Nurse Anesthetists

Certified Registered Nurse Anesthetists (CRNAs) have been providing anesthesia care in the United States (US) for nearly 150 years. But historically, anesthesia care for surgical patients was mainly provided by trained nurses under the supervision of surgeons; until the establishment of anesthesiology as a medical specialty in the US.

Currently, all 50 US states utilize CRNAs to perform various kinds of anesthesia care, either under the medical supervision of anesthesiologists in most states, or independently without medical supervision in 16 states; the latter has become an on-going source of conflict between anesthesiologists and CRNAs. Understanding the history and current conditions of anesthesia practice in the US is crucial for countries in which the shortage of anesthesia care providers has become a national issue.

On behalf of the more than 53,000 Certified Registered Nurse Anesthetists (CRNAs); the American Association of Nurse Anesthetists (AANA) has released an official statement, titled “CRNAs: We are the Answer”; ” which highlights evidenced-based analysis of CRNAs, physician anesthesiologists; and anesthesiologist assistants in today’s healthcare system.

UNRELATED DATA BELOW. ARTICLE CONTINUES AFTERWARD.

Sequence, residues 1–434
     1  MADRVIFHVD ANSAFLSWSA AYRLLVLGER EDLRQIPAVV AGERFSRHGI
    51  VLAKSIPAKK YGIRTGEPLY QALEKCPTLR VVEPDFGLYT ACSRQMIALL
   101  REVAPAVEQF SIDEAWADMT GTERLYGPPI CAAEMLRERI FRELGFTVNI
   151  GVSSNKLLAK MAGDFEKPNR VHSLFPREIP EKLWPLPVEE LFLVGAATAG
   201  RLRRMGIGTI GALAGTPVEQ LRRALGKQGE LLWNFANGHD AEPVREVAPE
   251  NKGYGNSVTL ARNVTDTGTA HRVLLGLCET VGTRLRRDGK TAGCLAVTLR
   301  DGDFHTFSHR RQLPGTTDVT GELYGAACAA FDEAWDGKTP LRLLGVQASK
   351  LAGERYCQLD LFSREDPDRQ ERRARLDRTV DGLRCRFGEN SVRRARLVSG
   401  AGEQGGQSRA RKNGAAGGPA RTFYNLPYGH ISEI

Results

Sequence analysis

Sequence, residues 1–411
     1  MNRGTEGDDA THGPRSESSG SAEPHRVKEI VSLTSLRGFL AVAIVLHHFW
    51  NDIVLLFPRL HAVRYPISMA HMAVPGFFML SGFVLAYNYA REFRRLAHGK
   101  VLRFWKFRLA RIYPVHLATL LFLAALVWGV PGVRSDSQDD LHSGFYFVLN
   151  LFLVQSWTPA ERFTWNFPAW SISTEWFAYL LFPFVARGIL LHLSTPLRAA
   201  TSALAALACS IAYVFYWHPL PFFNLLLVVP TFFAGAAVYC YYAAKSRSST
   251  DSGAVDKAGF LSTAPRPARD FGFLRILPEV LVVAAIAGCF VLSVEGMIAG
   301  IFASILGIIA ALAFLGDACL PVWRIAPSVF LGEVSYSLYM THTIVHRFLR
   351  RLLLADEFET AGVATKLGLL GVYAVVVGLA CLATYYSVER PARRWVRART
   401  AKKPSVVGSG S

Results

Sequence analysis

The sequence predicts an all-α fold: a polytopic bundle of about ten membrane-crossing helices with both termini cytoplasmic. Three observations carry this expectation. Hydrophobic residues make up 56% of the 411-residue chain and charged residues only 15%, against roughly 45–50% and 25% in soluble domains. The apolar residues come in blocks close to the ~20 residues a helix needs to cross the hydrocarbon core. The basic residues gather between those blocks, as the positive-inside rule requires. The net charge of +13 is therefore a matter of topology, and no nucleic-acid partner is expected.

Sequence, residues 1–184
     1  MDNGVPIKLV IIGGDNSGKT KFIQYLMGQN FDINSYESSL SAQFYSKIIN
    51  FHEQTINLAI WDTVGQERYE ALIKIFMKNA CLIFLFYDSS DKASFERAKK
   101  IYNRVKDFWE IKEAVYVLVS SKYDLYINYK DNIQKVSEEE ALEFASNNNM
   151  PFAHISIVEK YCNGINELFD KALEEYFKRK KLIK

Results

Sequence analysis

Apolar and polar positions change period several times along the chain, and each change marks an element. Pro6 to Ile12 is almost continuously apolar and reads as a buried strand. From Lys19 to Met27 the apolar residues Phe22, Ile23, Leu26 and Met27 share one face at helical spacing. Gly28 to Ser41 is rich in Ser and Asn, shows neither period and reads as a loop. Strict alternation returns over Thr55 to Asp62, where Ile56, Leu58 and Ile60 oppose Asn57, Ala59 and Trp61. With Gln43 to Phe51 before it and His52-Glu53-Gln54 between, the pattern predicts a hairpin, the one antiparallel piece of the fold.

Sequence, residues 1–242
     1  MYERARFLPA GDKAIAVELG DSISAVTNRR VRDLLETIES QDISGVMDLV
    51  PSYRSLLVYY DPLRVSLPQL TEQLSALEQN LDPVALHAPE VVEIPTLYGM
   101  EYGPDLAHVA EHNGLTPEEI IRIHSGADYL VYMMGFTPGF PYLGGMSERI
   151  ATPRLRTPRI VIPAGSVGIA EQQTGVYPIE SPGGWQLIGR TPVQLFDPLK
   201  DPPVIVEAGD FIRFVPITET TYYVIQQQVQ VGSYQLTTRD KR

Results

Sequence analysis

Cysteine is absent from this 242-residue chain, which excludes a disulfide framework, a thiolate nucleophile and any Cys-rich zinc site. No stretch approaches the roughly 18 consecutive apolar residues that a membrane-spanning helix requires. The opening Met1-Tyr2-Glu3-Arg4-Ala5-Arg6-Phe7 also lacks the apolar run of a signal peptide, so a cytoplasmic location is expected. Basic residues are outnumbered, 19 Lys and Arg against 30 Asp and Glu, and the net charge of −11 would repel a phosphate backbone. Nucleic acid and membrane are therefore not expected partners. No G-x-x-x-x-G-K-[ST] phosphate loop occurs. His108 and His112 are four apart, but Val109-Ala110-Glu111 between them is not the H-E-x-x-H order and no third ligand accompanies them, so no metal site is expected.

The invaluable role of CRNAs

Development of “We are the Answer” was motivated by the American Society of Anesthesiologists House of Delegates;’ adoption in October 2018 of an amended version of the “Statement on the Anesthesia Care Team”; but that inaccurately portrays and seeks to minimize the invaluable role of CRNAs; and student registered nurse anesthetists in the U.S. healthcare system; while overinflating the role and value of physician anesthesiologists.

“CRNAs are well-prepared anesthesia providers who are licensed by states; and authorized by law and regulation to practice nurse anesthesia in all 50 states and the District of Columbia. But going forward, CRNAs will continue to provide access to safe, quality anesthesia care, everyday across the country”; said AANA President, Garry Brydges, PhD, DNP, MBA, ACNP-BC, CRNA, FAAN.

Anesthesia for surgery

As advanced practice nurses, Certified Registered Nurse Anesthetists; (also recognized by the titles CRNA, nurse anesthetist, Certified Registered Nurse Anesthesiologist, and nurse anesthesiologist); are proud to be part of America’s most trusted profession. Patients who require anesthesia for surgery, labor and delivery; emergency care, or pain management know they can count on a CRNA.

But to stay with them throughout their procedure, advocate on their behalf; and provide high-quality, patient-centered care. Likewise, healthcare facilities depend on CRNAs to serve the most patients for the least cost; deliver quality care to rural and other medically underserved areas; and positively impact the nation’s growing healthcare cost crisis. CRNAs are the answer to achieving a safer healthcare environment and more cost-efficient healthcare economy.